Measuring Water Depth from the International Space Station
Looking out the window of the International Space Station, astronauts often take the time to admire and photograph tropical islands and coral reefs. From an altitude of 400 km and with only a digital camera as a tool, it seems impossible to make detailed measurements of the depth of underwater features. However, a new technique developed by NOAA scientists has done just that—plotted the depths of lagoon features at Pearl and Hermes Reef, northwest Hawaii, using digital astronaut photography from the International Space Station (ISS).
Measuring water depth is an important step in mapping coral reef environments. Even though digital cameras are designed to visually approximate film photographs, the information they collect is similar to the bands of different wavelengths of light collected by multispectral instruments on satellites. NOAA scientists developed an algorithm that could estimate bathymetry from the blue and green bands in IKONOS satellite data. After calibrating the astronaut photography to the signal in the IKONOS data, the same algorithm could be successfully used with the blue and green channels in the astronaut photography. An accuracy assessment of the bathymetry map shows good correspondence between reference data, IKONOS, and ISS data.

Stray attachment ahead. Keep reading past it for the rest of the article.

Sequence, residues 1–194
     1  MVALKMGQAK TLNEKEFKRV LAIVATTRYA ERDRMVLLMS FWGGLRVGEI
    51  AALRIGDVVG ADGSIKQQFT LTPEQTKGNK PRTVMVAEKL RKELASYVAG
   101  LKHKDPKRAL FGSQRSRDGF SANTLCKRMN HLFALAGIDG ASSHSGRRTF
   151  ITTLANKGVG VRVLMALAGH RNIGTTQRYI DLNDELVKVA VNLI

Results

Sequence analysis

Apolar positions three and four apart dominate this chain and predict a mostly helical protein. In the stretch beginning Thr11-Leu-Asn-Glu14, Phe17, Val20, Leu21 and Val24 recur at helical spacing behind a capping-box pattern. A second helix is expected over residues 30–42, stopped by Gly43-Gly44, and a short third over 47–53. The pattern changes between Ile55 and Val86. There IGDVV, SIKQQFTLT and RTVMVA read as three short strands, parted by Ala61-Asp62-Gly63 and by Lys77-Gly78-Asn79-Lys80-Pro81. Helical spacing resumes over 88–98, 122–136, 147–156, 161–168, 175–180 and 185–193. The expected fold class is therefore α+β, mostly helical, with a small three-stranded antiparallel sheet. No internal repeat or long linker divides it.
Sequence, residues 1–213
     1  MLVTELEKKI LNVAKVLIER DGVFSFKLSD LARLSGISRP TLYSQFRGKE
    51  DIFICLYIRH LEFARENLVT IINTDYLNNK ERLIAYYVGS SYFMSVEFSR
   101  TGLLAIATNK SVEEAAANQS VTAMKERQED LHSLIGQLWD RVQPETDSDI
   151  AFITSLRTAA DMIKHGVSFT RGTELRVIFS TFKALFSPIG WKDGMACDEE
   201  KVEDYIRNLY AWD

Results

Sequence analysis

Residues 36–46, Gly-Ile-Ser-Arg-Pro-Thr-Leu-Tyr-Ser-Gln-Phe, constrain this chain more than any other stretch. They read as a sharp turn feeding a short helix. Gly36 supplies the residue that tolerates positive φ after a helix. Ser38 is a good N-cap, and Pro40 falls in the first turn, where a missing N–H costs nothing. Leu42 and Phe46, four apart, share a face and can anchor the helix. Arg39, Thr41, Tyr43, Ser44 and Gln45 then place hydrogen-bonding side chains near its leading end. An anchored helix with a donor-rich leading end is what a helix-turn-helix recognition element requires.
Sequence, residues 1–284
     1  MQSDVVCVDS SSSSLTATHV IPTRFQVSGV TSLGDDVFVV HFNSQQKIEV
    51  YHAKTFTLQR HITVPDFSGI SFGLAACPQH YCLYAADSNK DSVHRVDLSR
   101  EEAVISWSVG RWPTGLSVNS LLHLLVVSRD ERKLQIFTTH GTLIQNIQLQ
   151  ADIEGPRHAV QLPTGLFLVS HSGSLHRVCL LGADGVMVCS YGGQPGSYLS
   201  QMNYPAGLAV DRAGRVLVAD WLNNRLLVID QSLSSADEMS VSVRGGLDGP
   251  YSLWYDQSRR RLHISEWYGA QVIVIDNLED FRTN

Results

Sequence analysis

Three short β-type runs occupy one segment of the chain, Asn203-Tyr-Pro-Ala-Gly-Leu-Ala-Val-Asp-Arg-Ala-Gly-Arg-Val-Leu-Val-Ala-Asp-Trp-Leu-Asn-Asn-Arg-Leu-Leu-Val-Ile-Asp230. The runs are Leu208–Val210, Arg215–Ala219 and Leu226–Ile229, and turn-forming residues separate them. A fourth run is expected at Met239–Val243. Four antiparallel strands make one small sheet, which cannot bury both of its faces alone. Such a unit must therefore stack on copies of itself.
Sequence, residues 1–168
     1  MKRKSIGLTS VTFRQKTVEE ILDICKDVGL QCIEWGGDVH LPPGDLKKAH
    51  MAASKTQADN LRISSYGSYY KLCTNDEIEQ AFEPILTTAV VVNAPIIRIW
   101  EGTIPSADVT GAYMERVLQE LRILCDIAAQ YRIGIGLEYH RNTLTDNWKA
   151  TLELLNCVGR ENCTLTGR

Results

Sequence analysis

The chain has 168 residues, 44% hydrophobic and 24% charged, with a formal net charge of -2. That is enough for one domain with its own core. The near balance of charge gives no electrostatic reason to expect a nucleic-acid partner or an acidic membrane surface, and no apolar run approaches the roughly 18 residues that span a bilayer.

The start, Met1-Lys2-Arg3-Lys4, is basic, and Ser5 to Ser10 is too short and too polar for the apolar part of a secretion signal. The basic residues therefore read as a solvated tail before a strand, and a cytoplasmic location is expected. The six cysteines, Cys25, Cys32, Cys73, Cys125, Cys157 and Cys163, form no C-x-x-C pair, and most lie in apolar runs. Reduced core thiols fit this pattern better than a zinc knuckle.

Analysis of the Pearl and Hermes imagery was completed by Rick Stumpf and Kris Holderied at the NOAA National Ocean Service. NOAA NOS’s most recent coral reef mapping activities have focused on producing benthic habitat maps of the Northwest Hawaiian Islands for the Office of National Marine Sanctuaries. NOAA has primary responsibility for mapping activities in U.S.-Flag waters under the U.S. Coral Reef Task Force’s Mapping Implementation Plan. Partnership with Julie Robinson, Earth Observations Laboratory (Lockheed Martin), Johnson Space Center, has been facilitated by NASA support for Coral Reef Remote Sensing projects and collaborations.
Astronaut photographs ISS005-E-13929 was taken with a Kodak DCS760 digital camera equipped with an 400 mm lens and provided the Earth Observations Laboratory, Johnson Space Center. The International Space Station Program supports the laboratory to help astronauts take pictures of Earth that will be of the greatest value to scientists and the public, and to make those images freely available on the Internet. Astronaut photography of coral reef environments is one of the science objectives of the Crew Earth Observations project. Additional images taken by astronauts and cosmonauts can be viewed at the NASA/JSC Gateway to Astronaut Photography of Earth.
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